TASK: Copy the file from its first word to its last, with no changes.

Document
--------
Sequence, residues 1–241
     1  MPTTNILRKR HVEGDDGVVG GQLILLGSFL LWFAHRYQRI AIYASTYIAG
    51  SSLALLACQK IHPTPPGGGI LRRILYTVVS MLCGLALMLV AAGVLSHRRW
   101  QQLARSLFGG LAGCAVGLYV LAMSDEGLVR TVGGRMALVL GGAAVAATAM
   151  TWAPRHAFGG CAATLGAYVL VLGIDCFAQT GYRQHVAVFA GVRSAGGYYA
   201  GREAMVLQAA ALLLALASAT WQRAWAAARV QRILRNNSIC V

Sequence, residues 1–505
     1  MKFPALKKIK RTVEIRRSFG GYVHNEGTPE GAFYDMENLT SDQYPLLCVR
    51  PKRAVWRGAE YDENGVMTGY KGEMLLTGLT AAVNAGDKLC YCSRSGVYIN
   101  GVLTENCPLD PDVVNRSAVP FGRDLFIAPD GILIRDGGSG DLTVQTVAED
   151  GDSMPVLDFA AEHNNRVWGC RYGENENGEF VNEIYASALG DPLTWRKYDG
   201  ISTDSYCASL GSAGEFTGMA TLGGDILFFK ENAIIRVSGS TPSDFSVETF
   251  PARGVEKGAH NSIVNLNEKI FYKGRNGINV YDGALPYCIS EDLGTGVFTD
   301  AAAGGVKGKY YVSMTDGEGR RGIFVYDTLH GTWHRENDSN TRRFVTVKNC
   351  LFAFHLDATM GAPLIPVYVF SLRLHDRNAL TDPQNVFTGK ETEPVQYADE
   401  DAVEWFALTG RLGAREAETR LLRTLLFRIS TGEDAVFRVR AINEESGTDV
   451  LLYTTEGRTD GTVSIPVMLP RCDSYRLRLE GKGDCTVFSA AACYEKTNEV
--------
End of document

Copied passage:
Sequence, residues 1–241
     1  MPTTNILRKR HVEGDDGVVG GQLILLGSFL LWFAHRYQRI AIYASTYIAG
    51  SSLALLACQK IHPTPPGGGI LRRILYTVVS MLCGLALMLV AAGVLSHRRW
   101  QQLARSLFGG LAGCAVGLYV LAMSDEGLVR TVGGRMALVL GGAAVAATAM
   151  TWAPRHAFGG CAATLGAYVL VLGIDCFAQT GYRQHVAVFA GVRSAGGYYA
   201  GREAMVLQAA ALLLALASAT WQRAWAAARV QRILRNNSIC V

Sequence, residues 1–505
     1  MKFPALKKIK RTVEIRRSFG GYVHNEGTPE GAFYDMENLT SDQYPLLCVR
    51  PKRAVWRGAE YDENGVMTGY KGEMLLTGLT AAVNAGDKLC YCSRSGVYIN
   101  GVLTENCPLD PDVVNRSAVP FGRDLFIAPD GILIRDGGSG DLTVQTVAED
   151  GDSMPVLDFA AEHNNRVWGC RYGENENGEF VNEIYASALG DPLTWRKYDG
   201  ISTDSYCASL GSAGEFTGMA TLGGDILFFK ENAIIRVSGS TPSDFSVETF
   251  PARGVEKGAH NSIVNLNEKI FYKGRNGINV YDGALPYCIS EDLGTGVFTD
   301  AAAGGVKGKY YVSMTDGEGR RGIFVYDTLH GTWHRENDSN TRRFVTVKNC
   351  LFAFHLDATM GAPLIPVYVF SLRLHDRNAL TDPQNVFTGK ETEPVQYADE
   401  DAVEWFALTG RLGAREAETR LLRTLLFRIS TGEDAVFRVR AINEESGTDV
   451  LLYTTEGRTD GTVSIPVMLP RCDSYRLRLE GKGDCTVFSA AACYEKTNEV